Yost Arena in Ann Arbor can be a fun place to play. With nine minutes to go before the game starts, the fans at the University of Michigan rink begin to sing the Canadian national anthem, even though only three Canucks are in the lineup that night. They even have a Maize and Blue-colored Canadian flag. The locals had a Texas flag when Chris Brown (now with Washington) skated there and New York Rangers speedster Carl Hagelin got a Swedish flag. Hagelin, who captained the Wolverines in his junior year, made such an impact that the team all signed that flag for him and the pep band learned Sweden’s anthem for his final game.
But with success comes attrition and after making the NCAA tournament for more than two decades without missing, the Wolverines have been left at home the past two seasons. If they hope to return to the promised land, they’re going to do it with youth.
He’s the greatest Buffalo Sabre to never play the game: Taro Tsujimoto, a dynamic forward drafted out of the Japan Ice Hockey League who never made the leap to the NHL. But it wasn’t size, talent or conditioning that kept Tsujimoto from cracking the Sabres’ lineup in the 1970s.
It was the fact he didn’t exist.
The most famous made-up hockey player in history turned 60 on Sunday, according to the birthdate provided by his hockey ‘dad,’ the late coach/GM legend Punch Imlach.
Since the implementation of the salary cap in 2005, early-season NHL trades have become rare. Even the ability for teams to absorb part of a player’s salary failed to spark an increase in player movement during a season’s opening weeks.
That partially explains why it took a month for this regular season’s first trade to occur, when the Dallas Stars shipped aging defenseman Sergei Gonchar to the Montreal Canadiens for forward Travis Moen. Since that deal there’s anticipation over when the next NHL trade will take place. Read more
That the Buffalo Sabres are struggling this season is no surprise. Are they a bit worse than anticipated? For now, yes. But it’s not like the team is devoid of talent. We know the organization has a lot of potential wrapped up in its youth and even though he’s a little older, towering defenseman Tyler Myers still has a lot of upside.
With a tally late in an Oct. 27 contest against the Minnesota Wild, New York Rangers winger Mats Zuccarello became the highest goal-scoring Norwegian NHLer of all-time.
His 31st career marker was one more than Espen Knutsen, who the 27-year-old Zuccarello trails by only 14 total points. Knutsen’s 111 points has been the high-water mark for Norwegian NHLers and has stood since he left the league in 2005.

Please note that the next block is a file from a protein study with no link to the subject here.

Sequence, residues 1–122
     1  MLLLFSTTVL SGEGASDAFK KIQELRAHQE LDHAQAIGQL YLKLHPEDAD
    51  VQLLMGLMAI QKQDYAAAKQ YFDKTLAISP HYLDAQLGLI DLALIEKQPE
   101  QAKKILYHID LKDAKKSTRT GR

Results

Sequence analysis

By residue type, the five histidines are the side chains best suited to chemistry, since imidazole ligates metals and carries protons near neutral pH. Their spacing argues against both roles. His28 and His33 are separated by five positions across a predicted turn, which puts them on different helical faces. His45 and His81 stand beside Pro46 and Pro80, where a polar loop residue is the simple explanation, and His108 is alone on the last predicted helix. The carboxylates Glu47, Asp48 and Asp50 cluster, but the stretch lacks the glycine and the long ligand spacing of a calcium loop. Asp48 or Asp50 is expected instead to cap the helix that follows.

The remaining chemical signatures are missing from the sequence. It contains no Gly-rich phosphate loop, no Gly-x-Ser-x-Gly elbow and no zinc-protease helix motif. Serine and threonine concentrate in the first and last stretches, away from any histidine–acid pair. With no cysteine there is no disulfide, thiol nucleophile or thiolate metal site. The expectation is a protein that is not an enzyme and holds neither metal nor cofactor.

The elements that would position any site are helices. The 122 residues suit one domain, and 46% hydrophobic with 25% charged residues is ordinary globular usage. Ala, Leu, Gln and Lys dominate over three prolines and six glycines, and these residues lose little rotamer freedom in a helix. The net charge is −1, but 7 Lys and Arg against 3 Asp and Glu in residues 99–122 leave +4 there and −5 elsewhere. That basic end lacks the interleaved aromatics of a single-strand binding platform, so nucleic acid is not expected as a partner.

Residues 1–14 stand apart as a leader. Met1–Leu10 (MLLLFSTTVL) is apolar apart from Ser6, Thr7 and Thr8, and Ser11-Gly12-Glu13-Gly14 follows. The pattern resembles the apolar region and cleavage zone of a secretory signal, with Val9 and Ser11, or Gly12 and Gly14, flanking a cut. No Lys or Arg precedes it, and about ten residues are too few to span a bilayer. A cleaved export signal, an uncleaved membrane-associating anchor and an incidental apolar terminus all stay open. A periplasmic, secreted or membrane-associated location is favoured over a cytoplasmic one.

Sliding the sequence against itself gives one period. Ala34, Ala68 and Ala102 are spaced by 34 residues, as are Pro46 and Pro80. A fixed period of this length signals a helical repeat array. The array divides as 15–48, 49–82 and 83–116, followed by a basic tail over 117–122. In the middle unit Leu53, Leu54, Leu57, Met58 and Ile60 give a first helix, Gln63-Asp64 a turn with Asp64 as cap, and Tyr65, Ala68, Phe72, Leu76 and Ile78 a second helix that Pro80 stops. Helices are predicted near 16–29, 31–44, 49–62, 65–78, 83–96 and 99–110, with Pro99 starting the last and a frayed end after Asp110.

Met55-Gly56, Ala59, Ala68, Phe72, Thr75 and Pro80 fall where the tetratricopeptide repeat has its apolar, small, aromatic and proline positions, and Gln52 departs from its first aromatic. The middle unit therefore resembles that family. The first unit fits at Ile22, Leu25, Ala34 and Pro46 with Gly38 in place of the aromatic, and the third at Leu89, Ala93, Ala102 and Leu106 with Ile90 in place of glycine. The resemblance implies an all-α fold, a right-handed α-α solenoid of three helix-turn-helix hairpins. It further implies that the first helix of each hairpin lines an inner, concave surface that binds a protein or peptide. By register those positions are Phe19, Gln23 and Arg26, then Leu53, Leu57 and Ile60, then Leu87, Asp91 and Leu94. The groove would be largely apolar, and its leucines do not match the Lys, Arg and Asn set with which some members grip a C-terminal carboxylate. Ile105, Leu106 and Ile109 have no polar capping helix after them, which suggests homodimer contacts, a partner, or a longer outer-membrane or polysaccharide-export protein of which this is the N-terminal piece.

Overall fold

With the young Ranger well on his way to surpassing Knutsen’s mark and becoming the most prolific Norwegian to play in the NHL, it’s time to look at some of the other great scorers from similar sized nations. Read more
What does a slow start mean in the NHL? In some cases, it’s a harbinger of more poor play. Other times, it’s bad puck luck, which is correctable. Regardless of the cause, however, poor starts make heads roll every year. The advanced stats tell us GMs are often too hasty to axe their coaches, but that doesn’t mean it won’t happen. The most common victims are bench bosses who ended the season prior on thin ice. They often get the boot as soon as they give their GMs an excuse to do so.
Here are five coaches who have to think about updating their resumes in the near future.
This season could be the last for defenseman Paul Martin as a member of the Pittsburgh Penguins. The 33-year-old blueliner will be eligible for unrestricted free agency in July, leading some observers to suggest he might not finish the season with the Penguins.
The Edmonton Journal’s Jim Matheson notes Martin lost his power-play spot to youngster Olli Maatta, and wondered if the Penguins will bother to re-sign him or deal him before his UFA eligibility. Bruce Garrioch of the Ottawa Sun also took note of Martin’s reduced role. He speculates the blueliner will be gone before the deadline, but not before Maatta returns from his upcoming surgery to remove a cancerous tumour from his neck. Read more
The big prospect news of the week came with Buffalo sending Sam Reinhart back to junior after a nine-game tryout and one assist. I’m totally on board with this move. Reinhart now gets a chance to do some serious damage at the world juniors for Canada and pull the Western League’s Kootenay Ice out of an early season funk. He’ll get his NHL shot again next year and perhaps one day, the players listed below will, too.